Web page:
The paychecks they received were half of what they were verbally promised, so eight musicians representing one quarter of the Crystal Cathedral orchestra, decided to walk with just an hour remaining before showtime.* The L. A. Times reported that the Cathedral later blamed accounting errors, but other parts of the story suggest that some orchestra members had not been paid for the previous Easter.
The impact this had, according to the cathedral, was minimal.
About a quarter of the orchestra — including an oboist, flutist and four French horn players — walked out a mere hour before services began Sunday…
Crystal Cathedral spokesman John Charles said Easter services weren’t affected by the eight people who walked out. Checks have been sent to those who performed.
“No one would have ever known they were missing,” he said of the eight.
No one noticed the entire French horn section missing? As a musician, that seems somewhat hard to fathom, and at least one woodwind blogger was insulted. But not so hard to fathom is the underlying bitterness the musicians — like so many others having contracts to do work for the church — are feeling:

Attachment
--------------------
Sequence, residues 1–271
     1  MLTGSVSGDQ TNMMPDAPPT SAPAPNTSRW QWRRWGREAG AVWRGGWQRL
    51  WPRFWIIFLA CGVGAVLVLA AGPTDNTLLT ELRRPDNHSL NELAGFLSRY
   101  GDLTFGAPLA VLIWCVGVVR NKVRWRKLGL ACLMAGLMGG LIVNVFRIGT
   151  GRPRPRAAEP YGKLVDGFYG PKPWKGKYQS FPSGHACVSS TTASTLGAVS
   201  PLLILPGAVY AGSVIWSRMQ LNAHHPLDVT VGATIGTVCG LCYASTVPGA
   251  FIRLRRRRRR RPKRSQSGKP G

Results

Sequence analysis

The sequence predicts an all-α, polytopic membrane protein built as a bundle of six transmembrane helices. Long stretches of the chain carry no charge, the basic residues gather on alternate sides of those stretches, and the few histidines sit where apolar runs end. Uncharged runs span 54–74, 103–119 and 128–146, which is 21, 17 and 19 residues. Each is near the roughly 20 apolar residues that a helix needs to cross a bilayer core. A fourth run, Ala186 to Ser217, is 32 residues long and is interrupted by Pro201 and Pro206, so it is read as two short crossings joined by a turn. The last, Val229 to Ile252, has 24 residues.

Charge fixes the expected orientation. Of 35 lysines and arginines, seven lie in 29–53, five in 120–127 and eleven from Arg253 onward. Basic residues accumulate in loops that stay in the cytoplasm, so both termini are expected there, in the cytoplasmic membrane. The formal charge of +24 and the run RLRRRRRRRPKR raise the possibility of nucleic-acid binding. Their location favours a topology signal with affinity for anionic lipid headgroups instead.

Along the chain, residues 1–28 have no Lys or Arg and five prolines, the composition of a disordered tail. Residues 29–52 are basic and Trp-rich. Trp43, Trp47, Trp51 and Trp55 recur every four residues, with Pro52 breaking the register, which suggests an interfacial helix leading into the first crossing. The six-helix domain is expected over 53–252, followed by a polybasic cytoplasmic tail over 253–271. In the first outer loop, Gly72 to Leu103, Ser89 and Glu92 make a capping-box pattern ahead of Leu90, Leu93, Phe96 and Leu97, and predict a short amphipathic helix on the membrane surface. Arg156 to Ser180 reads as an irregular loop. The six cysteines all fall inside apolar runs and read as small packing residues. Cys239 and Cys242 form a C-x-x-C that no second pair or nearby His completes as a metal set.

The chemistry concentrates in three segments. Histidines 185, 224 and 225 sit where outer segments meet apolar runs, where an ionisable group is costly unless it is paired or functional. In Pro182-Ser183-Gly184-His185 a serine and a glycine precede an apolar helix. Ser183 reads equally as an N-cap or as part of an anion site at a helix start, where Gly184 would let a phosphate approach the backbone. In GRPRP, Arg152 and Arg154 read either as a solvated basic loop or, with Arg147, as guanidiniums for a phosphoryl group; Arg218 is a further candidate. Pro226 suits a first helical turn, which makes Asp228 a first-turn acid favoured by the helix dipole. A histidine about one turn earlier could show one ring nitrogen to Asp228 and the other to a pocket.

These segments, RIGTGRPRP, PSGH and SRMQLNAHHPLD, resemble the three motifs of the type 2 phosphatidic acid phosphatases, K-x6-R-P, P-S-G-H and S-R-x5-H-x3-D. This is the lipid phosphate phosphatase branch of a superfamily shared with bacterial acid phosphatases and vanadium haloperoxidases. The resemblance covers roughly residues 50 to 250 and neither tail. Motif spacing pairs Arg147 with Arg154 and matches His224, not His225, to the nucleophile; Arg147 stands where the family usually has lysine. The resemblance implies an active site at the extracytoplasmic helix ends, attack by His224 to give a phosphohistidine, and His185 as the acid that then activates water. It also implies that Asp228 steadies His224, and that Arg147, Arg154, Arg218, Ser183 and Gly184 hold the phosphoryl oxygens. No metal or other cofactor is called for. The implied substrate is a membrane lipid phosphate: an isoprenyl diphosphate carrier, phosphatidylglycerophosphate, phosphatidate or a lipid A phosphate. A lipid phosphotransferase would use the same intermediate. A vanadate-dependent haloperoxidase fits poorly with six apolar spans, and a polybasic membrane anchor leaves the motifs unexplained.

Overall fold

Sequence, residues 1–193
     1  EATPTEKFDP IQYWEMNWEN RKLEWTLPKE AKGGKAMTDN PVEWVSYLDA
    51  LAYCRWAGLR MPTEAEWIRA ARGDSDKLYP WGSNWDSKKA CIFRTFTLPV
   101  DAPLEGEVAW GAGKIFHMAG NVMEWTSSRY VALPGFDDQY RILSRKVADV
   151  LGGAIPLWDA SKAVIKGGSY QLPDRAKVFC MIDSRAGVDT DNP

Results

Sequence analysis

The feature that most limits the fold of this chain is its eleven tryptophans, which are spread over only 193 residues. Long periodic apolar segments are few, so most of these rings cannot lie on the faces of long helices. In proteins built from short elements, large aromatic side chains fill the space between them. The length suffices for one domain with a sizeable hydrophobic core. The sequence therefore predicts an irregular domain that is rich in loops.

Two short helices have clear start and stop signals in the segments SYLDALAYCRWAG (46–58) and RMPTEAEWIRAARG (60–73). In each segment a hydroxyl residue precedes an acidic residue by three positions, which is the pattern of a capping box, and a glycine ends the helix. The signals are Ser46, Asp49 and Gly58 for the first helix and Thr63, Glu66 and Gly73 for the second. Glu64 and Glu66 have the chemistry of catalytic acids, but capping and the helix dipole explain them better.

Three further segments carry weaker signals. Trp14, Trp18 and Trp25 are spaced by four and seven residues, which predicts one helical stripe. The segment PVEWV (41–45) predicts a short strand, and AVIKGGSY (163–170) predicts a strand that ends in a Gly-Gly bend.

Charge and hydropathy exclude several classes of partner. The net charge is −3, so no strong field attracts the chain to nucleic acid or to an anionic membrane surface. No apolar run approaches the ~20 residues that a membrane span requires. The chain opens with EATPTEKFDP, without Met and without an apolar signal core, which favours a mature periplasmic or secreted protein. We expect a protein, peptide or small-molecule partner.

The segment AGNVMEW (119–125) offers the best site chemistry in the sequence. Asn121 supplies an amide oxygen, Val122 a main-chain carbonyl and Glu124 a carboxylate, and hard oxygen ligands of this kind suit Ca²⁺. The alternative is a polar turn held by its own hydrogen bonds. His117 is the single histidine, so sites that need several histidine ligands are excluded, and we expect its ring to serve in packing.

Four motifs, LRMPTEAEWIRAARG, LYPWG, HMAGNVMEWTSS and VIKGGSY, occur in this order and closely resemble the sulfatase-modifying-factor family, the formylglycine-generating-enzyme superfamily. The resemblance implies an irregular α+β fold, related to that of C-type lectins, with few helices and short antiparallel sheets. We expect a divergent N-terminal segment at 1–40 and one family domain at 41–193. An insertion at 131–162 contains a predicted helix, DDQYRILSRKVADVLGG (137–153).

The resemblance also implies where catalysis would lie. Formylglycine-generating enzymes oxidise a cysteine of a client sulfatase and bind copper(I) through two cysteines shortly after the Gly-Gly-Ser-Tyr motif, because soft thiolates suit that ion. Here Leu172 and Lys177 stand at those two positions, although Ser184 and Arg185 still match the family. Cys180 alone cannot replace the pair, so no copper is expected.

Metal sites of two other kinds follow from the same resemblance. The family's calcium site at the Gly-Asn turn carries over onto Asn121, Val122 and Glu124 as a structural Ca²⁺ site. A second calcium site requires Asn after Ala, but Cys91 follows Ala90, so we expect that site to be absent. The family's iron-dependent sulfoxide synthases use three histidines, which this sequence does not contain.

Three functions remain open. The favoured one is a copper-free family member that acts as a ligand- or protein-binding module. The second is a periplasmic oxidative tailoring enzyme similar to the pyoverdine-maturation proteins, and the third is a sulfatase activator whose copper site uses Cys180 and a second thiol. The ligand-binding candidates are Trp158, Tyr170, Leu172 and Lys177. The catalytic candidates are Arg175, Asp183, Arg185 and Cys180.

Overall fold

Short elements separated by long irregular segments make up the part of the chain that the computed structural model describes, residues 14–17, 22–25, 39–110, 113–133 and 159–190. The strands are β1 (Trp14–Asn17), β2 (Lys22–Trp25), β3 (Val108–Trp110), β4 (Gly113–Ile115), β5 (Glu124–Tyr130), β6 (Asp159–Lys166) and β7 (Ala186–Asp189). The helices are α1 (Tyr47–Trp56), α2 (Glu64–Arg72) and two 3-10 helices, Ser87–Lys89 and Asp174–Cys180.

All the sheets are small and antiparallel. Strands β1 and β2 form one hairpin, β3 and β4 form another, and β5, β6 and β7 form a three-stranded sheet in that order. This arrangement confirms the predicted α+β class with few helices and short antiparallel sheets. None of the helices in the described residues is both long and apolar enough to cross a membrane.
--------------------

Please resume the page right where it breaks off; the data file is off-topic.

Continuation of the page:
“This church is known for three things: an inspiring minister with a vision, fabulous music and wonderful architecture,” said oboe player Holly Patterson, one of the musicians who walked out Sunday. “Out of those three things, only one exists now.”
You can read the story at the L. A. Times; also this blogger has a friend who had to sue the church to get paid; while a longer story in the Orange County Register, notes that a website has been formed to rally those who are fans of the church’s unique music:
A few members have started a new website, crystalcathedralmusic.net, which says its mission is to “host a gathering place for Hour of Power viewers and the local congregation interested in keeping alive the traditional music of the Crystal Cathedral.” Most of the music featured on the website is from before April 2011. The site says that some most recent music has been featured for “purposes of comparison only.”
Of course, some will argue that this is part of the folly of having paid church musicians; of having a system whereby ministry is being done so professionally, that only professionals participate; and that, in the average church, the musicians are all volunteers. Should churches use paid musicians to augment special seasonal performances, or use them regularly as do some churches?
*The choice of the word “showtime” as opposed to “church service” or “concert” was intentional.
Click picture for photo credit.
The use of today’s discussion question is in no way intended to detract from the more obvious question: Should not churches pay their bills?